A first-timer's guide to the Philippine Eagle Center in Davao

By Alexander Villafania

DAVAO CITY, DAVAO DEL SUR–There’s a clear difference between a zoo and an animal sanctuary. A zoo is where wild animals are kept in cages for public viewing while an animal sanctuary primarily aims to preserve animals from becoming extinct. In most cases, it is closed from public view.

The Philippine Eagle Center (PEC) in Davao is one sanctuary that can be treated as a zoo. It is one of the most publicly accessible animal sanctuaries around and it is home to one of the rarest, most magnificent animals anywhere in the world, the Philippine eagle (Pithecophaga jefferyi).

There are at least 36 Philippine Eagles here, plus ten other species of birds. The entrance free is only P50 for adults and P30 for those 18 years and below.

The center is also home to the Philippine Eagle Foundation, the focal agency tasked to protect and breed the Philippine eagle to prevent its extinction. The Philippine eagle’s population is so low–around 500 mature individuals–that it has landed on the International Union for Conservation of Nature’s (IUCN) list of critically endangered species.

Built in 1987 after successful programs to conserve the Philippine eagle, the center is one of the popular attractions in Davao and probably anywhere in the Philippines.

Situated near the foot of Mount Apo, the PEC is safely nestled from the noise and lights of nearby Davao city.

Aside from being a scientific conservation facility, the center welcomes public visitors like a regular park.

A short walk in this park would lead to the PEC, which has a few, well-maintained buildings that are engulfed in forest trees as if they were part of the forest itself. A flight of stairs leads to the main reception area where visitors can partake of some coffee and snacks or buy items at a small souvenir shop.

Across a small lagoon, connected by a three-pronged bridge, is the office of the Philippine Eagle Foundation. From the reception area, visitors can already hear the caws and screech of birds.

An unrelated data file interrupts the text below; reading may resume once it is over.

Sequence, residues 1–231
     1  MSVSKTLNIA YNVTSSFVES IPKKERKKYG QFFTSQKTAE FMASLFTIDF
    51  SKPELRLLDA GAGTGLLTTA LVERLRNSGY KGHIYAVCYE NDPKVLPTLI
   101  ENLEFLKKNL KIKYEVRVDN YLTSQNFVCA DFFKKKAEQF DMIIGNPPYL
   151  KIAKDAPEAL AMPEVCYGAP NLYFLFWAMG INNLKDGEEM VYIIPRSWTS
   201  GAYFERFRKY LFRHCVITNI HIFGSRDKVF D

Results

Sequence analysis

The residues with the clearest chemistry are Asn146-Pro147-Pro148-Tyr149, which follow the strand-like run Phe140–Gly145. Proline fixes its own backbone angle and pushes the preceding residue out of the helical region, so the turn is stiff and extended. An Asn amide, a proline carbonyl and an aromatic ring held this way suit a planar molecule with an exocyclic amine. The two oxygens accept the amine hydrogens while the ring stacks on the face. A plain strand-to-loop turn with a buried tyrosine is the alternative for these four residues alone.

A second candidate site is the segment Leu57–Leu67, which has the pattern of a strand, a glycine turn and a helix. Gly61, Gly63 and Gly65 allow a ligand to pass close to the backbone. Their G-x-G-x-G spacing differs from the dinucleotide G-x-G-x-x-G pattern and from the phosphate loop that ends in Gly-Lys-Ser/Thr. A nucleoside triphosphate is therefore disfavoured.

There are several paths going into the main facility that cut through the dense mahogany forest.

After reaching a clearing, one would already see the aviaries for the Philippine eagles. Some of these cages are high up on a hill and these are where the breeding pairs are kept safe from flashes of cameras from visitors.

Visitors can still approach “Mindanao,” a tame, adult Philippine eagle who has become a familiar staple for eager photographers who want an image of an uncaged bird.

Mindanao’s handler, a man named Mario Entrolizo, often takes close up photos for other people.

There are other species of birds in the park. Some of them are the serpent eagle, Philippine scops owl, Brahminy kites, white bellied eagles, and Pinkser’s hawk eagle. A saltwater crocodile is also cared for in the facility, and there are also enclosures for a herd of Philippine brown deer, macaques, and a wild boar.

Upon request, some visitors can be brought to a specific location to see a huge colony of golden-crowned flying fox hanging on a particularly tall mahogany.

If you’re hoping for some quiet learning experience about one of the country’s most magnificent animals, do pass by the Philippine Eagle Center on your next visit in Davao.


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